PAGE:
It is interesting to note that both Ras/AC/PKA and Tor/Sch9/S6k pathways are activated by nutrients and their depletion results in inhibition of these signal transduction pathways [34]. In yeast, the two macronutrients glucose and amino acids activate Ras and Tor, respectively. Reduced glucose supplementation in the growth media is capable of increasing stress resistance, reducing genomic mutation rate and increasing lifespan in a Ras-dependent manner. On the other hand, the restriction of certain amino acids is capable of increasing lifespan by reducing Tor-Sch9/S6k signaling. Interestingly only specific amino acids (methionine, serine, threonine and valine) can activate the Tor-Sch9 pathway and their restriction (each one of them alone or combined) is capable of increasing lifespan as well as stress resistance and decreasing DNA damage [34].
Moreover, the activation of transcription factors Msn2 and Msn4 in S. cerevisiae deficient in the Ras/cAMP/PKA signaling makes cells more resistant to stress, in part by inducing the expression of genes encoding for several heat shock proteins, catalase (Ctt1), and the DNA damage inducible gene DDR2 [20,35]. These results suggest that the effect of mutations in the Tor-Sch9/S6k and Ras/AC/PKA pathways is partly mediated by the regulation of antioxidant defenses and the reduction of oxidants. In fact, yeasts expressing constitutively active RAS2 oncogene present a lower resistance to oxidants and a decreased lifespan [36].

1.1.2. Growth Genes Aging and DNA Damage in Worms and Flies

The role of nutrient-response pathways was also examined in the worm Caenorabditis elegans and fruit fly Drosophila melanogaster. Studies of the nematode Caenorabditis elegans showed that a reduction of the insulin/insulin-like growth factor signaling pathway (IIS) and the consequent activation of the Forkhead FoxO transcription factor daf-16 which, similarly to Msn2/4 in yeast, regulates genes involved in the cellular stress response and detoxification of xenobiotics and free radicals, extends longevity [37,38,39]. The extension of lifespan in worms also requires the heat shock factor hsf-1, which regulates the expression of heat shock proteins [40]. As observed in yeast, inhibition of TOR-S6 kinase signaling can increase lifespan in worms; in particular, TOR pathway inhibition can activate the process of autophagy and alter the activity of other TOR targets, such as the hypoxia-inducible factor 1 (HIF-1) transcription factor, also independently shown to extend lifespan [39,41].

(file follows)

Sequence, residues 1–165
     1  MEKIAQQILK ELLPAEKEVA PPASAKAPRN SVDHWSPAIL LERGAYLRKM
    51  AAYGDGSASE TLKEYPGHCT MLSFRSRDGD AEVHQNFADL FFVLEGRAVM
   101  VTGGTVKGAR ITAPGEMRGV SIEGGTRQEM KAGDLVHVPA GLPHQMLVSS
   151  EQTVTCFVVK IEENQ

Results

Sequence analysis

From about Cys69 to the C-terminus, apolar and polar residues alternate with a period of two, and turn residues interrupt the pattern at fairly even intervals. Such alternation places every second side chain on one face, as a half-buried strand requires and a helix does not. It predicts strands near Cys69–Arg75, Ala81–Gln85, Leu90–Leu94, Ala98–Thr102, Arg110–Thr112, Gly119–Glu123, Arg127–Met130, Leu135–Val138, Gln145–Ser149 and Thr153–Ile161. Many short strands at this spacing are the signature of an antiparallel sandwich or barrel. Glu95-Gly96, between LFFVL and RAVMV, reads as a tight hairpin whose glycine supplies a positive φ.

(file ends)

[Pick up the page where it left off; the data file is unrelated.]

Moreover, in C. elegans mutated in gld-1, a female germline-specific tumor suppressor gene, germ cells can proliferate uncontrolled and form tumors [42]. Mutations in the IGF-1-receptor-like daf-2 gene can protect gld-1 mutants against tumor formations, by reducing germ cell proliferation and inducing cell death through a mechanism which requires daf-16 and cep-1, the orthologue of the mammalian p53 genes [42]. Furthermore, in worms, a mutation in the age-1 PI3K gene, downstream of the daf-2 receptor, was shown to increase mean lifespan by 65% and maximum lifespan at 25 degrees by 110%, suggesting that daf-2 and age-1 act in the same pathway to reduce thermotolerance and antioxidant defenses apparently through a mechanism which involves the stress resistance transcription factor daf-16 [37,43]. Similarly to ras2, cyr1 and sch9 yeast mutants, which reduce Sod2 expression and require it to extend lifespan, C. elegans daf-2 is reported to decrease oxidative stress resistance, in part by down-regulating mitochondrial Mn-SOD gene expression and several heat shock proteins [44].
Many studies suggest that orthologs of the yeast and worm genes regulate fruit flies’ longevity as well. Drosophila melanogaster impairment of the insulin receptor, in fact, controls the germline stem cell division and cysts growth by a cell autonomous mechanism [45]. The fly daf-16 orthologue FOXO, which is involved in lifespan extension, blocks phosphatidylinositol-3 kinase (PI3K) effect on cell number and the down-regulation of IGF-1 or insulin-AKT/PKB axis, which is reported to promote cancer growth and metastasis in fruit flies, can extend lifespan by up to 85% and inhibit uncontrolled cell growth [46,47,48]. As in S. cerevisiae and C. elegans, in D. melanogaster the inhibition of TOR pathway activity, genetically or by rapamycin treatment, increases lifespan partly by activating autophagy, reducing S6K activity and increasing stress resistance [49]. Analogously to yeast and worms, fruit flies with mutations in the insulin/IGF-1 pathway increase SOD expression and increased survival [47,50]. Furthermore, mutation in the G-protein-coupled receptor homolog MTH gene results in a 35% increase in lifespan and resistance to starvation and superoxide toxicity in Drosophila melanogaster [51].
Thus, in yeast, worms and flies, the activation of nutrient signaling pathways is tightly linked to oxidative stress, DNA damage and either increased growth or tumors.